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Realistic Realtime Car Rendering  by Krypt0n    *****

 



Time Spent: 1 Month
Date Added: Aug 04 2011 05:26 PM

I've invested my spare time of the last month to finally get into BRDF rendering based on measured Databases, I've used (http://www.merl.com/brdf/ )

At first I started with the usual raytracing of some primitives, but although realistic, it was a bit boring.

Then I decided to try to do it realtime, it was working surprisingly well, but still boring, so I've been looking for a nice car Model, so I found this Bugatti Veyron, modelled by Valery Gus'ev (http://www.arlont.kiev.ua/ I know it's down, but that's what I saved for copyright notes and it's also the only url included in this model archive). This car consists of 48 parts, each assigned with a nice BRDF from the database.

During developing the amount of data rised quite a lot, I ended up with about 500MB to render this car (e.g. the HDR skybox, which I got from http://www.smartibl.com/sibl/archive.html, are sometimes 8k x 4k ) and each BRDF has 32MB. So I've also added runtime updating of materials (tiny script files), shaders, textures, BRDFs, meshes, I can't tell you how amazing it is to just save a shader and immediatelly see the result.



I've uploaded quite a bunch of images, they show


47 - shows off the metallic shader

52 - depth of field rendering and blooming on the back light, you see a nice black paint on the back and a white pearl paint on the front part of the car

60 - shows a color changing paint in combination with subtle metallic flakes in the paint

65 - I was trying to get it kind of looking like this: http://www.carvehicle.net/wallpaper/1/2009/04/bugatti-veyron-2009-6.jpg

73 - show offs nicely the HDR lighting, although the sky is tonemapped to white, as it is the brightest source, you see blue'ish fresnel reflection on the paint, which is the most intensive color component of the sky, usually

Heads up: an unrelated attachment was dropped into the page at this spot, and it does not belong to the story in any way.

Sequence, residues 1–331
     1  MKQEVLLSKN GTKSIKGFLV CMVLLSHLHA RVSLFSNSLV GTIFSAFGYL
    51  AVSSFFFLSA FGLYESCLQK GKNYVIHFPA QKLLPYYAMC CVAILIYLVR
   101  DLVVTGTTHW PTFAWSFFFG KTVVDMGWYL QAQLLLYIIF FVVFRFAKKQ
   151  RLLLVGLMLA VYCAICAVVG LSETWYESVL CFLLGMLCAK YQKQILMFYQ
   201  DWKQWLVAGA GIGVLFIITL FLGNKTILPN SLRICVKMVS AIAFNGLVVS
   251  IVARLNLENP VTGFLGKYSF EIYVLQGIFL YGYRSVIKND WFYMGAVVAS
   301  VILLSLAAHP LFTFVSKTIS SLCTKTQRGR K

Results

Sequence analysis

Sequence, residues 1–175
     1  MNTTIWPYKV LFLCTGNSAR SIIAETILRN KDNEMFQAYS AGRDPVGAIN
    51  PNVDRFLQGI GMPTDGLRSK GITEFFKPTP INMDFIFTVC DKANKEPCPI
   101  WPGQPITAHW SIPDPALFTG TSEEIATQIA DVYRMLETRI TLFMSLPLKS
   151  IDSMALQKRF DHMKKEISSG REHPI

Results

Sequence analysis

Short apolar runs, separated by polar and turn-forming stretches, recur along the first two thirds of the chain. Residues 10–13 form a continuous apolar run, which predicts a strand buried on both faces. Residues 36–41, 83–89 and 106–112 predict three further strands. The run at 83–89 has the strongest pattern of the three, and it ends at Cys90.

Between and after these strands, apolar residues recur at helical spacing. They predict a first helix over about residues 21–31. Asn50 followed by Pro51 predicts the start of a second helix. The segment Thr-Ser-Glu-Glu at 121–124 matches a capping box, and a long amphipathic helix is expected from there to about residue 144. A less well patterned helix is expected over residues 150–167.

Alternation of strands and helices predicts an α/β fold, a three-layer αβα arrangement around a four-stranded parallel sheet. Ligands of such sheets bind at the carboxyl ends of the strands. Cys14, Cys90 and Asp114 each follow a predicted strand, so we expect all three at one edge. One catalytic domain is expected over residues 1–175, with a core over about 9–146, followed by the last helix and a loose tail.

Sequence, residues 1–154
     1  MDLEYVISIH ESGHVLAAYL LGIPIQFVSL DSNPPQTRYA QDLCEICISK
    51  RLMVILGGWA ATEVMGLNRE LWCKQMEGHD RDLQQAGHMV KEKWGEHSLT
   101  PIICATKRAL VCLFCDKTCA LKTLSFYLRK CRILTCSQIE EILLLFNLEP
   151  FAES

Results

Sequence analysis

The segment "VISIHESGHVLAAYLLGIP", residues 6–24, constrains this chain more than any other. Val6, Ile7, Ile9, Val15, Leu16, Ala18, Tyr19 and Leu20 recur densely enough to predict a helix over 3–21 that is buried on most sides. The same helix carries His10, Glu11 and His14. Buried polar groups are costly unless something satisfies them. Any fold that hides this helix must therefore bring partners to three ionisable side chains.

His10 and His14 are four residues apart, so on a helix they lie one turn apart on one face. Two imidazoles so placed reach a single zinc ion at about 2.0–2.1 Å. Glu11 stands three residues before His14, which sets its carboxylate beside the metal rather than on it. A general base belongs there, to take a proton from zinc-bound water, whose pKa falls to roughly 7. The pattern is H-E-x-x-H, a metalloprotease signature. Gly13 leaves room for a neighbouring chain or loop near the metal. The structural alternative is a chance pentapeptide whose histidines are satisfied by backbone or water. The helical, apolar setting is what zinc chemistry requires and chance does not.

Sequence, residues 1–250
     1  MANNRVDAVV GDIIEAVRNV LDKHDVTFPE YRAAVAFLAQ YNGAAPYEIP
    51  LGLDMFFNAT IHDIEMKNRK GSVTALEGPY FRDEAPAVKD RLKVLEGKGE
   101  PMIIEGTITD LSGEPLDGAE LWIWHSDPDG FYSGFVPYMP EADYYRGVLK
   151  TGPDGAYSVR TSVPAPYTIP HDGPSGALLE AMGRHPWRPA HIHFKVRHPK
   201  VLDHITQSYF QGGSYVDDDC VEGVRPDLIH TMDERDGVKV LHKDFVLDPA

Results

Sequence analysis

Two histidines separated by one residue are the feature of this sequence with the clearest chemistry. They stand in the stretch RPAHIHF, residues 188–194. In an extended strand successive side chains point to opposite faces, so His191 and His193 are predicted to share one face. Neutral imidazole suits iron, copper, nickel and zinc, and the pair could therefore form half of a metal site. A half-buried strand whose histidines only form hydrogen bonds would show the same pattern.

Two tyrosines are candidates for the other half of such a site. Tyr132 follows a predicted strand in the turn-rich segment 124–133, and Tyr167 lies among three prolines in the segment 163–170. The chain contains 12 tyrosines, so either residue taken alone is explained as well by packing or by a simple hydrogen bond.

79 - although the back light is not a BRDF anymore, it's kind of a hand made HDR texture, I breaks my desire for perfection, but looks better :/

80 - there is a special Veyron version called "pur sang", it shows how the car is made of carbon fiber and metal. That's why I've implemented a carbon shader, like you hopefully see on this screenshot

- it also visualizes my special anti aliasing solution, I render with 2X MSAA, my custom resolve calculates a tangent of edges (similar to FXAA, SSAA etc.) but based on the HDR buffer, which is more correct, as you work in linear space. This bluring is just applied where the MSAA sample-pair of a pixel is not equal (so MSAA "detects" the borders") and finally I use the tangent to blur along the tonemapped LDR buffer, before it is transformet to the correct gamma space. this gives me better quality then 4XMSAA on stil images and has far less aliasing on moving images then those usual postAA.

81 - correct refraction on the front lights, this gives you the rainbow alike color




there rest is to please your eyes :)


it's running smoothly on a macbook without the antialiasing (I didn't check with it). it's obviously not a challenge for a newer DX11 card, I think that quality rendering could also run on consoles.







 
visual studio 2010, c++


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14 Comments

That's a hell of a good looking render. One thing though... where's the video and demo? ;)
The close-up of the headlight looks amazing
Looking really good.

PS: I downloaded some HDR packs from sIBL archive but apparently they only contain images... Where do you get the skyboxes?
now wheres the recommend/showoff this button...
they look really good!

can you upload some of a ferrari and lamborghini ?
i would love to have to have that for my wallpaper, maybe you could add one of those water marks to it with your name or something ?
Very nice.

How expensive are your BRDF shaders (e.g. in instruction counts, or cycles, etc)?

p.s. yeah, runtime updating of content is a brilliant features that everyone should implement!

At first I started with the usual raytracing of some primitives, but although realistic, it was a bit boring.

Then I decided to try to do it realtime, ...


So, its realtime raytracing?
Beautiful renders. Very nice work. :cool: